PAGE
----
Spotting asteroids has become pretty routine for astronomers working with some of the most powerful telescopes on the planet, but every once in a while, a seemingly mundane space rock proves to be something special. Late last year, scientists spotted a brand new asteroid, named it 2017 YE5 and added it to the long, long list of near-Earth objects that have already been observed. Astronomers are now saying that the rock isn’t what it seems to be.
In late June, the rock made its closest pass to Earth for the next 170 years, so scientists decided to spend a little more time studying it before it heads back out again. When they zoomed in on what they thought was a regular ol’ asteroid, they began to see double. 2017 YE5, it turns out, isn’t one asteroid. It’s two.
Rather than one chunk of space rock, YE5 is two separate objects that revolve around each other while the two careen through the solar system. The rocks are virtually identical in size and appear to have very similar shapes as well.
Modal TriggerBi-static radar images of the binary asteroid 2017 YE5 from the Arecibo Observatory and the Green Bank Observatory on June 25.
Bi-static radar images of the binary asteroid 2017 YE5 from the Arecibo Observatory and the Green Bank Observatory on June 25.NASA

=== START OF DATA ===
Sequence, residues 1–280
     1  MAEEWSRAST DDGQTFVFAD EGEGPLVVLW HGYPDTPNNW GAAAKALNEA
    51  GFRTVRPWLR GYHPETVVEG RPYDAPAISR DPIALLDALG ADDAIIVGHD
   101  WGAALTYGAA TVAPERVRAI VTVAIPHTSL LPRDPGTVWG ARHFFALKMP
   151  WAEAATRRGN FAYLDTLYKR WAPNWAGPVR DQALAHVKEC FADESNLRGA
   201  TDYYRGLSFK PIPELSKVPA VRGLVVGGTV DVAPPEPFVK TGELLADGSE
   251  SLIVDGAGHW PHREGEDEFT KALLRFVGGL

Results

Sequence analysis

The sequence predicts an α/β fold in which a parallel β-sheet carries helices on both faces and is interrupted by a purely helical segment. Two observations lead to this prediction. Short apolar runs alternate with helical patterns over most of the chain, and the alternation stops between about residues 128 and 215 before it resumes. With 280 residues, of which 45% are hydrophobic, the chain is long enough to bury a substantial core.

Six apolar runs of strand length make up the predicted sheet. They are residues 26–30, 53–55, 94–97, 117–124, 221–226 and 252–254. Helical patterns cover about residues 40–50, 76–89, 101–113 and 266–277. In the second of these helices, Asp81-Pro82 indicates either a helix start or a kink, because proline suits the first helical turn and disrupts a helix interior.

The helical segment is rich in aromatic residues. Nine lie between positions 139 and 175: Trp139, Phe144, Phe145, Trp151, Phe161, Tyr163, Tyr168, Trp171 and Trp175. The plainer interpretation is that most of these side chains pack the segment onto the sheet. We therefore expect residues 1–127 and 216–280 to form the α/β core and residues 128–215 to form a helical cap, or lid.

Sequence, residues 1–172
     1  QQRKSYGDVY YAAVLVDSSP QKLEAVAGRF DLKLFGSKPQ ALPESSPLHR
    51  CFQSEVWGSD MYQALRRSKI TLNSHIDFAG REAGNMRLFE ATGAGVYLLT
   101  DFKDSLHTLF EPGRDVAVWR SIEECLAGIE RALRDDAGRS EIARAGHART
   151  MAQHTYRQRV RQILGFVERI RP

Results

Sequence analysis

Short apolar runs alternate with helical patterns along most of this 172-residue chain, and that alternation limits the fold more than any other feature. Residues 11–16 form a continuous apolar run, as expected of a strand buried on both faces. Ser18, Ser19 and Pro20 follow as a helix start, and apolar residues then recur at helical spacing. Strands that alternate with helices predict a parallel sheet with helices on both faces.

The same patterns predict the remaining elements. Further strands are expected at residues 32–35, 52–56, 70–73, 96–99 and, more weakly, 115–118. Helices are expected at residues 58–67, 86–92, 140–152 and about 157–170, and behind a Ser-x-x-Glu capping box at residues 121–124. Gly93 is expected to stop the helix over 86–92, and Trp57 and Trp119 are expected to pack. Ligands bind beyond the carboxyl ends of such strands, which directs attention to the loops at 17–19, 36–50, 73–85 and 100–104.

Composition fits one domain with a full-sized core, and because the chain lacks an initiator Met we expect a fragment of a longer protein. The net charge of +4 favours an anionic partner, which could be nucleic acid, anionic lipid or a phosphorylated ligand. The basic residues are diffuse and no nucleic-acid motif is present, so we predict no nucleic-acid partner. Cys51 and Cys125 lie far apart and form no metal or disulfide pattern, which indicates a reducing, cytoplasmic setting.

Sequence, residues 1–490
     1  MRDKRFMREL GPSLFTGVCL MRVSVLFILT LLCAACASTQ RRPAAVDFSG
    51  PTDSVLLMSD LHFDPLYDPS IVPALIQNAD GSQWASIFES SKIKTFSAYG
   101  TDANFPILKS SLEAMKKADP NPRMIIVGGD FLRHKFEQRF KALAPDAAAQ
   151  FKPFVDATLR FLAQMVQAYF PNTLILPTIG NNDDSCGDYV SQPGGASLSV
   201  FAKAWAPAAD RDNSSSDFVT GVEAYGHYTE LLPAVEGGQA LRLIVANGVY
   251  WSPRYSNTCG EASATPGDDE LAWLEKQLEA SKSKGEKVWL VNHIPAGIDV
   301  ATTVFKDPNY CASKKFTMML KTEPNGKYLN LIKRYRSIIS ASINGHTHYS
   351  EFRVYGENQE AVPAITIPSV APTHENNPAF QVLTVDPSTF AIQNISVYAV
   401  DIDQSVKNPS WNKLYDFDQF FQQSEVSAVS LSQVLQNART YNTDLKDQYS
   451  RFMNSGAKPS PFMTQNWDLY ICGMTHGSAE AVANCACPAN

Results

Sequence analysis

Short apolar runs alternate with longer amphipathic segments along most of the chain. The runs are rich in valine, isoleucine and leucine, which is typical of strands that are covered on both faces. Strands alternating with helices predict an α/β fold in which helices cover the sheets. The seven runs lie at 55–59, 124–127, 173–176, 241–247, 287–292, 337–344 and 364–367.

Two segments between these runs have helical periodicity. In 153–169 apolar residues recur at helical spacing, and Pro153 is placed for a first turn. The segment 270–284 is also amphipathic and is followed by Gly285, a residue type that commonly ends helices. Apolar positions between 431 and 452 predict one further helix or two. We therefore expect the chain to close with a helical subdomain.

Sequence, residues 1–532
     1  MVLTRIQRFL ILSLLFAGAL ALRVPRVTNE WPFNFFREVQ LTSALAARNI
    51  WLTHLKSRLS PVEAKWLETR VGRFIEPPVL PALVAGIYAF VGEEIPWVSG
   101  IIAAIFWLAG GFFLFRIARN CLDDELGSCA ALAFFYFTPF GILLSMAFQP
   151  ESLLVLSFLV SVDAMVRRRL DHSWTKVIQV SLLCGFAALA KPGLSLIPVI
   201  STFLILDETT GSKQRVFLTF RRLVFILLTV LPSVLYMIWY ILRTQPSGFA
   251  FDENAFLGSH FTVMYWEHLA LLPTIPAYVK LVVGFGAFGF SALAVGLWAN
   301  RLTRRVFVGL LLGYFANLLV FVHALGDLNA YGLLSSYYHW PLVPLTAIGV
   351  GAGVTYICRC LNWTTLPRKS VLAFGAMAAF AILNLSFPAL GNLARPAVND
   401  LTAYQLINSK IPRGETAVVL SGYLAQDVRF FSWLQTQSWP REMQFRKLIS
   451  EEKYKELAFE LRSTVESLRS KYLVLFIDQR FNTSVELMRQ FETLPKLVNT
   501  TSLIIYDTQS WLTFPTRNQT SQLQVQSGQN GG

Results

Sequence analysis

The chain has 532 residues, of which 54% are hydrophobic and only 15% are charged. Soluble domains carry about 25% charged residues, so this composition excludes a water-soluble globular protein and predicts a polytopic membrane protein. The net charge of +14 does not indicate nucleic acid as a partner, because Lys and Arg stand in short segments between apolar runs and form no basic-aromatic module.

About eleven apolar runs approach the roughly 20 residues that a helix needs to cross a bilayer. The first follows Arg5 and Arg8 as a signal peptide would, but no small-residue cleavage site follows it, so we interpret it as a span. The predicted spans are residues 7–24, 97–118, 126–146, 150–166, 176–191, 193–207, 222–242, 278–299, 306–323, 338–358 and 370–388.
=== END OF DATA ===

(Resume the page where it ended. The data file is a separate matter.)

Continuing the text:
Twin asteroids are incredibly rare, at least here in our solar system, and they’re a huge treat for scientists whenever they’re spotted. Sometimes larger asteroids are orbited by much smaller rocks, but “equal mass” asteroid pairs are particularly special. In fact, 2017 YE5 is only the fourth such binary asteroid pair ever observed.
Once the true nature of the asteroid(s) was known, astronomers from the Arecibo Observatory in Puerto Rico began to alert other observatories. Eager to study such a rare object, scientists from separate observatories teamed up to ping the rock with radar signals and then gather the data. The result is the image you see above, showing the twin rocks dancing in space as they cruise along.
2017 YE5 is classified as a near-Earth asteroid, but it doesn’t pose any threat to our planet at the moment. It’ll be a long while before the rocks make their way toward Earth again and all current forecasts suggest that these friendly sister rocks are content to dance peacefully for a long, long time to come.